The Juneau Recovery Hospital, a substance-abuse treatment facility within Bartlett Regional Hospital, will open an inpatient methadone detoxification program for opiate addiction.
Hospital officials said the detox program will serve patients who are addicted to opiate-based street drugs such as heroin and prescription drugs such as OxyContin.
Jan Walker, acting clinical director and nurse manager for JRH, said the hospital has secured the necessary state and federal licenses to begin the methadone program.
Last summer, the hospital received a $7,500 federal grant through the Denali Commission to buy a DEA-approved pharmacy safe to protect the opiate-based methadone.
The Denali Commission is a federal-state partnership designed to provide critical utilities, infrastructure, and economic support throughout Alaska.
Walker said methadone has a high street value and the U.S. Drug Enforcement Administration requires treatment facilities to install a pharmacy safe to prevent the drug from being stolen.
Once the 800-pound safe is installed and policies and procedures for administering the drug are put in place, JRH will begin accepting patients, Walker said.
The hospital already provides alcohol- and drug-detoxification services, but those in need of drug detox now are treated with non-opiate-based drugs such as Clonidine, said Dr. Verner Stillner, a physician at JRH.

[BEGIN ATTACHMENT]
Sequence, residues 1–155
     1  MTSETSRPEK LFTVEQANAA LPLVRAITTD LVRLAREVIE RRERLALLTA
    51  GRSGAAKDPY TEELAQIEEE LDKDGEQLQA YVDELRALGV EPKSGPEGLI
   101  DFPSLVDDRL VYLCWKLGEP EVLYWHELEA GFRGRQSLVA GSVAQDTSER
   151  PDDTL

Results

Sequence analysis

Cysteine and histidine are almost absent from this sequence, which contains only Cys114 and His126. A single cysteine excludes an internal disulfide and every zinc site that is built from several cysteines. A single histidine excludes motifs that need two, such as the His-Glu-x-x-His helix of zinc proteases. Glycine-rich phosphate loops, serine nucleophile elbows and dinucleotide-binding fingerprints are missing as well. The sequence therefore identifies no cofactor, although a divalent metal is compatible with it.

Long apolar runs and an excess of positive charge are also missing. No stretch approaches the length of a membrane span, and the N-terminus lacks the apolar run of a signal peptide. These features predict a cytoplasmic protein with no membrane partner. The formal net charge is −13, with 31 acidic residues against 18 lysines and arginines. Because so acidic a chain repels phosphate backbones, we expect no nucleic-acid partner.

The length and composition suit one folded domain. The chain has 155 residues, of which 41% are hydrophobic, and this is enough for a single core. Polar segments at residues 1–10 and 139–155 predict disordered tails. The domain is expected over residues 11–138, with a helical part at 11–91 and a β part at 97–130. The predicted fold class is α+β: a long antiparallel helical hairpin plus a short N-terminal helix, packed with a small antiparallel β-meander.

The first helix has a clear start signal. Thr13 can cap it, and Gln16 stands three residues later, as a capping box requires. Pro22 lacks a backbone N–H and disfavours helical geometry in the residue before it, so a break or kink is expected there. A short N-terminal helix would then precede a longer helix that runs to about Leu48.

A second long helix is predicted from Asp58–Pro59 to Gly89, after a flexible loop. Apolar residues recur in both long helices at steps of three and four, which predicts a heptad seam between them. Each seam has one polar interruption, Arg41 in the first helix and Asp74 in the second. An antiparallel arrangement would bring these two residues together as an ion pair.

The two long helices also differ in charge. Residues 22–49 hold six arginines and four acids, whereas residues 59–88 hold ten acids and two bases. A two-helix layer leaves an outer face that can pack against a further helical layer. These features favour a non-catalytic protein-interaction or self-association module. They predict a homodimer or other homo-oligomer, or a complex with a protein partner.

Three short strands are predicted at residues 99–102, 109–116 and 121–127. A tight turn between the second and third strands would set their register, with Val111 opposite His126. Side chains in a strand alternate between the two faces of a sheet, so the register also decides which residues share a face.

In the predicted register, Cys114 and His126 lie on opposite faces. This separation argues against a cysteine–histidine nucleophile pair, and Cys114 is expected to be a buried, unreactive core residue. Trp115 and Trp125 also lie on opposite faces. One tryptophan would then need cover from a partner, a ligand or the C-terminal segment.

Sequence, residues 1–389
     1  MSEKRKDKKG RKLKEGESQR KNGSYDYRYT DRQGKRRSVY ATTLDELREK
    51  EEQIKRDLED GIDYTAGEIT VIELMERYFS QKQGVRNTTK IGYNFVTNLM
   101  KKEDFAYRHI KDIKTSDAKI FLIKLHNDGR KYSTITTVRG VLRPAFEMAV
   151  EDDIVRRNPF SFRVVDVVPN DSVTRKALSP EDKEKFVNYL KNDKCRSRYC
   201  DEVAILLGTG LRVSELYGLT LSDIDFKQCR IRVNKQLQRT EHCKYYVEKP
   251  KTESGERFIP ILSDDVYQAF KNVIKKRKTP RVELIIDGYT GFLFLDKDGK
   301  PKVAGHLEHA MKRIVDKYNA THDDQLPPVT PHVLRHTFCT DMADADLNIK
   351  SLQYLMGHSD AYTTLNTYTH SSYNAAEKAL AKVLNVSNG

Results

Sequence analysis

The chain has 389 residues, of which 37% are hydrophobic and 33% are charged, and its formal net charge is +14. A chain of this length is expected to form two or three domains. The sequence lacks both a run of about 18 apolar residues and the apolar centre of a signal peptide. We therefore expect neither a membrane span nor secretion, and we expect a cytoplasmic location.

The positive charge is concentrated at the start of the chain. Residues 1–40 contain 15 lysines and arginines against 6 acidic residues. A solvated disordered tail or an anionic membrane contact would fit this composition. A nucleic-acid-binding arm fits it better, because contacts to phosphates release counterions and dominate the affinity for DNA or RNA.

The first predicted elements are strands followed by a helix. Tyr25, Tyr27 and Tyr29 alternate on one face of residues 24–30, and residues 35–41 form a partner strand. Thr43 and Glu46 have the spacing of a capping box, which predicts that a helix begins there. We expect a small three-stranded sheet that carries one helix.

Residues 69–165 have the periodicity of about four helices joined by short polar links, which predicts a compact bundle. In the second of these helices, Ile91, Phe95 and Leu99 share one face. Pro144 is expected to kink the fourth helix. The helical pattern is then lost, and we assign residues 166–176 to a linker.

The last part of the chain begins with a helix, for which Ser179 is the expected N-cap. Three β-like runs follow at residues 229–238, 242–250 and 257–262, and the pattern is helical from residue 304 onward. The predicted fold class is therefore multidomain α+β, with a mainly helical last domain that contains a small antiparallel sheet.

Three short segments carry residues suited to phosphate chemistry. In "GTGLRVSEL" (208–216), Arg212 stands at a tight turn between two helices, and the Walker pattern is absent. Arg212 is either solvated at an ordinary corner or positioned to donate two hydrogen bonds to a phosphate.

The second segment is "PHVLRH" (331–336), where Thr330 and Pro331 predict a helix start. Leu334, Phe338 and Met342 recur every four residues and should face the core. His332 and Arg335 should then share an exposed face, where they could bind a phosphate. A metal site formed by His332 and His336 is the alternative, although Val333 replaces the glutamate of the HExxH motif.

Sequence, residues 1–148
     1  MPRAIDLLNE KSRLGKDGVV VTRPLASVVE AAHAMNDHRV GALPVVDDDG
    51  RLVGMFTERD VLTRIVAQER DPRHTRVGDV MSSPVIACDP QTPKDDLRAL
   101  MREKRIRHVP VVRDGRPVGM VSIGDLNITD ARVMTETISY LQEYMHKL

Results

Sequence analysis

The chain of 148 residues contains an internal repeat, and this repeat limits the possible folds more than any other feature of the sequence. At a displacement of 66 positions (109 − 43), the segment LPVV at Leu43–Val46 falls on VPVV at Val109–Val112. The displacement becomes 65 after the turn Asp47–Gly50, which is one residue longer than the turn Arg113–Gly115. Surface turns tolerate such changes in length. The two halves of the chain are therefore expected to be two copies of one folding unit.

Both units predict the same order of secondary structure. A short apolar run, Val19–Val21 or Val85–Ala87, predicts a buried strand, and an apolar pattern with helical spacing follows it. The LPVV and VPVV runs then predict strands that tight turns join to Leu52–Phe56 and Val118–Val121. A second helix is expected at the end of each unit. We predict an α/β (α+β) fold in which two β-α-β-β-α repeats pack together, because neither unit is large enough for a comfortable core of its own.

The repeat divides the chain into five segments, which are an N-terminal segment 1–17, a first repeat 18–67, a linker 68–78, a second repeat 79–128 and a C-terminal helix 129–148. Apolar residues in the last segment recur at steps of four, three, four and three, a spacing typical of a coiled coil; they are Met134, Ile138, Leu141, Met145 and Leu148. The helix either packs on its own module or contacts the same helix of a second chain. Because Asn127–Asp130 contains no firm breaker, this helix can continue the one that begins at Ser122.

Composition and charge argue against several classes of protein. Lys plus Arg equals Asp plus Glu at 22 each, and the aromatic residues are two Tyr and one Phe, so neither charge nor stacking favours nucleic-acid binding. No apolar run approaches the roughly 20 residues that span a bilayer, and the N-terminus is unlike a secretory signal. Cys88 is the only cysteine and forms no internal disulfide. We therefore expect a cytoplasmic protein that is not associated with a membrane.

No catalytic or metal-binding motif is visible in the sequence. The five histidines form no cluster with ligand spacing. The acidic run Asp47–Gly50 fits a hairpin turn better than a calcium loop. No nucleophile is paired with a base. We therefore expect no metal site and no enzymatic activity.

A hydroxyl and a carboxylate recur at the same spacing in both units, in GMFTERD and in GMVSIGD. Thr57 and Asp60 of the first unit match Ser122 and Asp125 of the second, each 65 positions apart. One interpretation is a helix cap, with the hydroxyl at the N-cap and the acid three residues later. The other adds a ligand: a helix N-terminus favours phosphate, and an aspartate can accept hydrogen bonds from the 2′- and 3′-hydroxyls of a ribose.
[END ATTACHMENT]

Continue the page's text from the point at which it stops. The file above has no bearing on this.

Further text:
"If someone comes in addicted to narcotics, we would, in the course of 10 days, give them methadone and then taper it down to zero," Stillner said of the new program.
The 16-bed recovery hospital also operates a public emergency services program to evaluate inebriated people picked up on the street, an outpatient treatment program, and an inpatient rehabilitation program.
Walker said the methadone detox program should begin within the next two to four months.
JRH already accepts substance abuse patients from the rest of the state, but once the new program is in place it also will accept patients in need of methadone.
The recovery hospital is accredited by the Joint Commission on Accreditation of Healthcare Organizations. It receives funding from the city and the state.
Timothy Inklebarger can be reached at firstname.lastname@example.org.
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